For those of us born after the baby boom generation, June 17, 1994 was a pivotal moment in history.

Where were you when O.J. Simpson, the popular NFL Hall of Famer and actor known for his roles in the Naked Gun films, became a fugitive wanted for the murder of his ex-wife Nicole Brown and her friend Ron Goldman? I was at my neighborhood Catholic church in the Bronx, New York watching the NBA game between the New York Knicks and the Houston Rockets with a group of friends. But the game took a backseat as we watched the unfolding events on live television. Would O.J. Simpson kill himself on air while being viewed by millions? Why couldn’t we look away?

Earlier that day, Simpson’s friend Robert Kardashian, of the well-known Kardashian family, had read what seemed to be a suicide note from Simpson on live television. In the note, Simpson denied involvement in Nicole’s death and apologized to Goldman’s family. During the police chase that evening, Simpson held a gun to his head.

According to his family, Simpson made it back to his Brentwood estate that night at age 76 after battling cancer. But the memory of June 17th and the following years revealed changes in American society while forever altering the national psyche.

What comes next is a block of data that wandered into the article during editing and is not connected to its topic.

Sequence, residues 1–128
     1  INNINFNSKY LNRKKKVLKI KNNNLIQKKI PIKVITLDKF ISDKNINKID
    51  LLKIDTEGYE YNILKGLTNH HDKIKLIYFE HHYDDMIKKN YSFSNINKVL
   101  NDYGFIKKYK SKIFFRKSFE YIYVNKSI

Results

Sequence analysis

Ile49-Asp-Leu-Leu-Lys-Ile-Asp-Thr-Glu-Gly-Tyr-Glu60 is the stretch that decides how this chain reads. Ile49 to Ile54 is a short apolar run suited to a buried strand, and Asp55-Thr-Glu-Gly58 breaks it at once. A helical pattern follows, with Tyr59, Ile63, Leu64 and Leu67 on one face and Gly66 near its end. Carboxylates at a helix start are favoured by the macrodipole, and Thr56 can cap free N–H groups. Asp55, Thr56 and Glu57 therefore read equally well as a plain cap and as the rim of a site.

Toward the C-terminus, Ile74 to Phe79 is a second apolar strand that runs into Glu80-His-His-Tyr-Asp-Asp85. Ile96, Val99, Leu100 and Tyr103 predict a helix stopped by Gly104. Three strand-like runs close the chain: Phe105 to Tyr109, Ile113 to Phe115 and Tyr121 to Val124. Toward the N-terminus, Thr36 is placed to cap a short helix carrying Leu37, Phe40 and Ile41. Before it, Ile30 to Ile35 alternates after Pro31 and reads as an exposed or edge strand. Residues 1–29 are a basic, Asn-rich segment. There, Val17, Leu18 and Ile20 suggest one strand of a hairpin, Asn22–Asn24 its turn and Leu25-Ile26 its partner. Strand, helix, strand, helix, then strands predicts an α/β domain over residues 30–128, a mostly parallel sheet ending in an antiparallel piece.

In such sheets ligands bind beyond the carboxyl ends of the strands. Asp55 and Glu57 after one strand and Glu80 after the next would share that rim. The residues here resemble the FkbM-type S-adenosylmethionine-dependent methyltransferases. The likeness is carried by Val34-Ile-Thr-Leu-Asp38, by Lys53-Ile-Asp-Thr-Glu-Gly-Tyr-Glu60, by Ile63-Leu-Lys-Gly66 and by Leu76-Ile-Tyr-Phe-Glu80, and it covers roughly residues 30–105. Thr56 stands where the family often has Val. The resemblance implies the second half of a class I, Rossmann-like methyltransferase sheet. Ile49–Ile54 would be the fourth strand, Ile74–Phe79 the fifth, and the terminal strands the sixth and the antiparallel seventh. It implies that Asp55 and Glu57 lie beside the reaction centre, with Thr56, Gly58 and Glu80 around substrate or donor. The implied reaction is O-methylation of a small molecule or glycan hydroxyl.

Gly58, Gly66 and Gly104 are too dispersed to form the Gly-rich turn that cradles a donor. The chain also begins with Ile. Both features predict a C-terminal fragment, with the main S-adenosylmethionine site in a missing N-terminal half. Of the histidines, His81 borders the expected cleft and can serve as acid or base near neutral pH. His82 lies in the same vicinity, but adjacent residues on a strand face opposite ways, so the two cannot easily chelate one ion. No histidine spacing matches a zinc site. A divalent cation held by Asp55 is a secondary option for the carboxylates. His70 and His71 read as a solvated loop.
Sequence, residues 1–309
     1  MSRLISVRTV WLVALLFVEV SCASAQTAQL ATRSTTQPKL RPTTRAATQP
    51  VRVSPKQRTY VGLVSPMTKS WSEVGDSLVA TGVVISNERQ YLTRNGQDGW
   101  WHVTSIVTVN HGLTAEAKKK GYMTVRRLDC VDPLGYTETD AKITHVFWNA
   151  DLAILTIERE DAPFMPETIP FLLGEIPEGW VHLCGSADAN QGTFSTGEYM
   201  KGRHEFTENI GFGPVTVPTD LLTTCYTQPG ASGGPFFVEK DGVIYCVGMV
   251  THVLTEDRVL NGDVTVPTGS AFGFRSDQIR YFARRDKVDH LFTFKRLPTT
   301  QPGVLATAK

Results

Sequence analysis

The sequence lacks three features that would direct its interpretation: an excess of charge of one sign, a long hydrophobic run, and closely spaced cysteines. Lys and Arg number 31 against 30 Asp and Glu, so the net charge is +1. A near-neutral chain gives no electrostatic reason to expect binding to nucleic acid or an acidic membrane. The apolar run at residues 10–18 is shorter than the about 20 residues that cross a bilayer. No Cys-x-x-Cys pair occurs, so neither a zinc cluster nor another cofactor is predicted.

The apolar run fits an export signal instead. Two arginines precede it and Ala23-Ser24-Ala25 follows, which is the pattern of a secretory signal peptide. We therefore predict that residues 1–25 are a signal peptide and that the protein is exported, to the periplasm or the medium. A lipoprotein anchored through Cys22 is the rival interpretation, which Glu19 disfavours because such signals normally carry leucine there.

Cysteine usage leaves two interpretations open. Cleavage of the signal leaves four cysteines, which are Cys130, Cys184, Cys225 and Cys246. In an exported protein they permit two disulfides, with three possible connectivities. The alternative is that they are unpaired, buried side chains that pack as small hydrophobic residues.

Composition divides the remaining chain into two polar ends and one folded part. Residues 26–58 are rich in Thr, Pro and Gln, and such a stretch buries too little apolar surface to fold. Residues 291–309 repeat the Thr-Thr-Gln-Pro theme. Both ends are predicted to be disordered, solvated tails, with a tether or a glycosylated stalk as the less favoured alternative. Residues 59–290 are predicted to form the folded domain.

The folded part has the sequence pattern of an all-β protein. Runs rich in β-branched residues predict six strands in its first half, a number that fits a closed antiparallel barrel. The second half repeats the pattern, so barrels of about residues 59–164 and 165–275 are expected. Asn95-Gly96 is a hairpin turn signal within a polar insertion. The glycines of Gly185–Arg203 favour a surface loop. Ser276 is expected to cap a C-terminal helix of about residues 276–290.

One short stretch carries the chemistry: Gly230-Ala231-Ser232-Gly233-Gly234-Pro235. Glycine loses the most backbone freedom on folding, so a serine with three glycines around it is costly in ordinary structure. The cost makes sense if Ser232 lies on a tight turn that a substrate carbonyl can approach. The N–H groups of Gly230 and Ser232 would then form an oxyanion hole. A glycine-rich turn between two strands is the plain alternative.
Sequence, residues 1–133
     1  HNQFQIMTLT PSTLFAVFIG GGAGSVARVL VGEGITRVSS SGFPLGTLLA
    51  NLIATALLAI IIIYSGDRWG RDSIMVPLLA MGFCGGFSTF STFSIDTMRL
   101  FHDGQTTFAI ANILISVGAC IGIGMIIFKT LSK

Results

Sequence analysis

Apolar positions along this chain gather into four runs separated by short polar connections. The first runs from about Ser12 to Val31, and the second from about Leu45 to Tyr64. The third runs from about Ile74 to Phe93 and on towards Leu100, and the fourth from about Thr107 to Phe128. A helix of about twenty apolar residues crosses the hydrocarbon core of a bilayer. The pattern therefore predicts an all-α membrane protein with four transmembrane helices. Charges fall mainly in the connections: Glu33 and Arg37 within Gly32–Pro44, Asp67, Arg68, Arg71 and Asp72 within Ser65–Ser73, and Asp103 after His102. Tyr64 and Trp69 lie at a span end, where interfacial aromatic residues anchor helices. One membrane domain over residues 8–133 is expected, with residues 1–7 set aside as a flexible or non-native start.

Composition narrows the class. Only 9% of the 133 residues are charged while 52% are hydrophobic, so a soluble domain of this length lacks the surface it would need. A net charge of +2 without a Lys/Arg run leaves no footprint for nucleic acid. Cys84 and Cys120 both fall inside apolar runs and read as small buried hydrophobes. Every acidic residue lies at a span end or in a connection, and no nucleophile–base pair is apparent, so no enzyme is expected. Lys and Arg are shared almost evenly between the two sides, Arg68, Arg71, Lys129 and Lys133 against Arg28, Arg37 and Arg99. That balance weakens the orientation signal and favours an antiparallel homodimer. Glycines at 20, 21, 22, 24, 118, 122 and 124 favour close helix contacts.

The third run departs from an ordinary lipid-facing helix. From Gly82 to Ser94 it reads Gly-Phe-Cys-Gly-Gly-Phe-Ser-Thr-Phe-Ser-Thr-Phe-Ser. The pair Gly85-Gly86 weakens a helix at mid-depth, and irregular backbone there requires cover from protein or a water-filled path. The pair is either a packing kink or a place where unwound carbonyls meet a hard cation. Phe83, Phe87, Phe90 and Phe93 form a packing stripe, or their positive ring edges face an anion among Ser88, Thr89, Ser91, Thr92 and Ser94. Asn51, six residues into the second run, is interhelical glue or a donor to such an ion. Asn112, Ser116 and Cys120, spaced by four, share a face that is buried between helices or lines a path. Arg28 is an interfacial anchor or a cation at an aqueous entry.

One impact was an acceleration of reality television. Shows like MTV’s The Real World introduced the format earlier in the decade, but the extensive coverage of Simpson’s chase took it to new heights. Everyone was watching.

Simpson also intensified American obsession with celebrity culture. Widespread interest in prominent figures from his criminal trial, like prosecutors Marcia Clark and Christopher Darden, defense attorney Johnnie Cochran, and witness Kato Kaelin, provided opportunities for new 24-hour news outlets like MSNBC and Fox News to cover “the trial of the century.”

Debates emerged from the loud discussions about Simpson across television and the emerging World Wide Web. His 1995 not-guilty verdict thrilled many African Americans but angered whites, as strong DNA evidence placed Simpson at the crime scene. But Simpson’s defense, led by Cochran, argued Simpson could have been framed by the racist Los Angeles Police Department. The strategy created enough doubt for the majority-black jury.